2020 Voice Forecast: Wake Conditions

Hilary Hayes

Hilary Hayes

Senior Design Researcher

January 21, 2020

Amazon Alexa

Implicit wake conditions are the key to natural — and even intimate — voice experiences in 2020 and beyond.

Currently, wake words alert a device that it should listen to what the person is about to say next, which may contain an invocation which, in turn, is a trigger phrase that prompts the assistant to connect the user to a specific voice app. If the person speaking asks for a skill or action by name, that is referred to as an explicit invocation, as opposed to an implicit invocation.

“Alexa, ask Coffee Pal to order an almond milk latte”

The Actions on Google documentation describes implicit invocation as “an interaction flow that occurs when a user makes a request to perform some task without invoking an Action by name. The Google Assistant attempts to match the user’s request to a suitable fulfillment, such as an Action, search result, or mobile app, then presents recommendations to the user… implicit invocation provides a way for users to discover your Action via the Assistant.” The strategy behind implicit invocations puts an emphasis on the discoverability of a potentially helpful voice app that a user may not be familiar with by name, based on their context. However, this isn’t valuable if the user is already very familiar with the voice app, and may use it daily.

Furthermore, zoom out and consider the user’s relationship to the device-level assistant — something that they may speak to several times a day. In the context of the device-level assistant, lowering barriers to invocation is not about discoverability, it’s about building a relationship and deepening intimacy.

Multi-turn exchanges are becoming slightly more prevalent in voice interactions, but since the initiation of a voice request depends on verbalizing the “wake word,” like Hey Alexa, the user will find themselves invoking, and re-invoking, and re-re-invoking the action or skill in order to continue the conversation that the user believes that they’re having. Consider how awkward the same experience model would map to a human-human interaction, which typically consists of several potentially (or seemingly) unrelated topics within one larger conversation. A wide chasm still exists between the user’s mental model and the actual functional reality of voice assistant interactions.

The use of wake words keeps our relationship with voice assistants at arms length, even though they are becoming increasingly omnipresent in our home and work lives.

By using more human conversation cues into device wake conditions, I hope that we can go from people saying “I’m worried about it listening to me all the time” to “when I am speaking to my assistant, I expect to be listened to”.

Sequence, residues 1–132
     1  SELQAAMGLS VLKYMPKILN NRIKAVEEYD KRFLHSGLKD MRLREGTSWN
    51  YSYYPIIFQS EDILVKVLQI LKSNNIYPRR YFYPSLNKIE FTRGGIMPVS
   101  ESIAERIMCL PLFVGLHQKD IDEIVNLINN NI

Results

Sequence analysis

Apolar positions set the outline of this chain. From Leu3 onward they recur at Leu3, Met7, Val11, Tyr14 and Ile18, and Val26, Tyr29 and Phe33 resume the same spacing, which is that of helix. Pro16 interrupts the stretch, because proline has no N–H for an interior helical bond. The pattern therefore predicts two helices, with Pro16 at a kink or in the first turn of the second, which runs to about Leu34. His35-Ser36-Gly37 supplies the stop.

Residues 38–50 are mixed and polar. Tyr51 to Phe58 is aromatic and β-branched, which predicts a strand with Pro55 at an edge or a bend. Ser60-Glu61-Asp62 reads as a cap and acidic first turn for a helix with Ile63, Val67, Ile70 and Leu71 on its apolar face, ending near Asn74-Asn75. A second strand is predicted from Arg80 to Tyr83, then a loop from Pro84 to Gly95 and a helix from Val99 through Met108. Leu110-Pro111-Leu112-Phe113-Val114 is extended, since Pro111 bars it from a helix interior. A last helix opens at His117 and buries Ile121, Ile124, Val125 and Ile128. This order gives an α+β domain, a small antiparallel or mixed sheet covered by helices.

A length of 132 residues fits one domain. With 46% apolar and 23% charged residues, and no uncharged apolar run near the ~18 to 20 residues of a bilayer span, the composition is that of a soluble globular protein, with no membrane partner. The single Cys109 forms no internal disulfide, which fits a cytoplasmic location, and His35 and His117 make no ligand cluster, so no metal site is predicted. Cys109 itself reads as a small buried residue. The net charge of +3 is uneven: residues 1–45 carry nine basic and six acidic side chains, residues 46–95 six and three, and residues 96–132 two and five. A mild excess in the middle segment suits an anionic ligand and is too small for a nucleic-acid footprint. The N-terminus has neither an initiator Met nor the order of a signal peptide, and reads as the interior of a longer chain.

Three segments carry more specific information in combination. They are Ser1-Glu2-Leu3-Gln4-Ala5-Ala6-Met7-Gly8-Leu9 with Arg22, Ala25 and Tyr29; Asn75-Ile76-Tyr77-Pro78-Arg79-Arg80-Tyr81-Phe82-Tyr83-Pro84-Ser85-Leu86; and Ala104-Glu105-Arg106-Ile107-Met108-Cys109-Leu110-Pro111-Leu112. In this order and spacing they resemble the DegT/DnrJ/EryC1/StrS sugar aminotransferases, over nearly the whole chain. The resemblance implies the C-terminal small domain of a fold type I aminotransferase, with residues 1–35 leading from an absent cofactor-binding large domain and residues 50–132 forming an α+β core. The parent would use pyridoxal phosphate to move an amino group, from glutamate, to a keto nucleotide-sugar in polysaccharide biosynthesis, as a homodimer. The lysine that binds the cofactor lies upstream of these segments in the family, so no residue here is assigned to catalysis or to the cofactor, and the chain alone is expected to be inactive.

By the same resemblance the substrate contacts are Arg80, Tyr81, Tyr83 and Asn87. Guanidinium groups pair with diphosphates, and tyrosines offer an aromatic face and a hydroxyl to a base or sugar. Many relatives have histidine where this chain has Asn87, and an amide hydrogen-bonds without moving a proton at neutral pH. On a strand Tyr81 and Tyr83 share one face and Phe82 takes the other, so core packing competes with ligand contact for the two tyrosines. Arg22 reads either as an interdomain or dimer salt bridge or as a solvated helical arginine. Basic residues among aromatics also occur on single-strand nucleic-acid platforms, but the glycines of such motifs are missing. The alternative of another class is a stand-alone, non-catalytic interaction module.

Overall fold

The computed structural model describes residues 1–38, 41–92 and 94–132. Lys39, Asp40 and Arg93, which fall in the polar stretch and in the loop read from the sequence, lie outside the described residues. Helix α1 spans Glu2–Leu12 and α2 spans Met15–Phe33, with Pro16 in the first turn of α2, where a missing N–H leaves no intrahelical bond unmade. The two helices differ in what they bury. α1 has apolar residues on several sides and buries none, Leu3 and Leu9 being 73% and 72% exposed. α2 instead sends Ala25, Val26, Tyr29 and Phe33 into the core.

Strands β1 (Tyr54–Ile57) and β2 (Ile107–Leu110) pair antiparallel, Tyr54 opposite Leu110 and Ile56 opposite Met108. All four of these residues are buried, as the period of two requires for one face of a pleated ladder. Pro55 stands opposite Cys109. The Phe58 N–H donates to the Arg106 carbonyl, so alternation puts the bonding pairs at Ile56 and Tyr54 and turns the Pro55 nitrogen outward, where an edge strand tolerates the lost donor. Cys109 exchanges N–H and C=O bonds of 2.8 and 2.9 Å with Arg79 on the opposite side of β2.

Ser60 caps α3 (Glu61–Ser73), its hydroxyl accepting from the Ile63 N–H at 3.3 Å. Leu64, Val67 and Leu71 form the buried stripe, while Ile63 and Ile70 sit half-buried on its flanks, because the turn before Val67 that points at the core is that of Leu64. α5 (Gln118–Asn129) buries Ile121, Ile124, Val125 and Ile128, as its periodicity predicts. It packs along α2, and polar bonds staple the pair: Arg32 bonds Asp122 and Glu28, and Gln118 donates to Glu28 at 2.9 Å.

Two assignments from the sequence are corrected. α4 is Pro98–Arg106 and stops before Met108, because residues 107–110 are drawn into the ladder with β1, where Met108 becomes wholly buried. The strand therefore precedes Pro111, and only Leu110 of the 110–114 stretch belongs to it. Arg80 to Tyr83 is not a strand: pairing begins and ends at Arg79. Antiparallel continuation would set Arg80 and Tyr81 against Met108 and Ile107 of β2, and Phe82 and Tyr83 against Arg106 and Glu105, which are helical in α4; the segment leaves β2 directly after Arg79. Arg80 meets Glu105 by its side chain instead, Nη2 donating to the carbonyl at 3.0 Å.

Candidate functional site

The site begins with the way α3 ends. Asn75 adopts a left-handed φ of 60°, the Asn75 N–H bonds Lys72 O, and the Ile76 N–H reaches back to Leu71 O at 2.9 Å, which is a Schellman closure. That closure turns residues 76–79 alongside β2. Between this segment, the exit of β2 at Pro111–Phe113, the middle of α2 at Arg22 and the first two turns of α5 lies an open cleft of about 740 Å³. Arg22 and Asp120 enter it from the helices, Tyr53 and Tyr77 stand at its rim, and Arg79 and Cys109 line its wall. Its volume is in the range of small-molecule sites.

For years, the Amazon Echos have used its blue ring light to indicate directional listening, the Apple iPhone X with Face ID was released in 2017, and in 2019 the Google Pixel 4 shipped with Motion Sense (Project Soli) directional interaction indication.

By the end of 2020, I anticipate voice design moving away from explicit wake words (removing the need for saying “Alexa” or “Hey Google”) to implicit wake conditions, such as recognizing when a user is looking at or turns to face a device housing the assistant.

Taking cues from human interaction, there are many ways to implement implicit wake conditions, including:

  • Gaze detection
  • Face recognition
  • Hand tracking
  • Gestures, microgestures
  • Bone induction via wearables
  • Body position detection

One challenge that will continue to plague conversation designers will be appropriately determining when a conversation is over — since conclusion cues may not necessarily be the inverse of wake conditions. For example, someone may initially make eye contact with someone — or a device — to implicitly start a conversation, but that doesn’t mean they won’t turn away over the course of the interaction, while still continuing to want to chat. Google’s Motion Sense shows the most promise to alleviate this pain point since its full feature state allegedly has the capacity to recognize body cues that typically start and end interactions, e.g. when two people make eye contact with each other. How do humans decide when a conversation is over? Even between two people, there is the distinct possibility for awkwardness at the end of conversations.

Implicit wake conditions will provide unique opportunities for developers and designers to imagine voice-only and voice-first experiences that feel unobtrusive, intuitive, and intimate, since they will be based on normative human actions.

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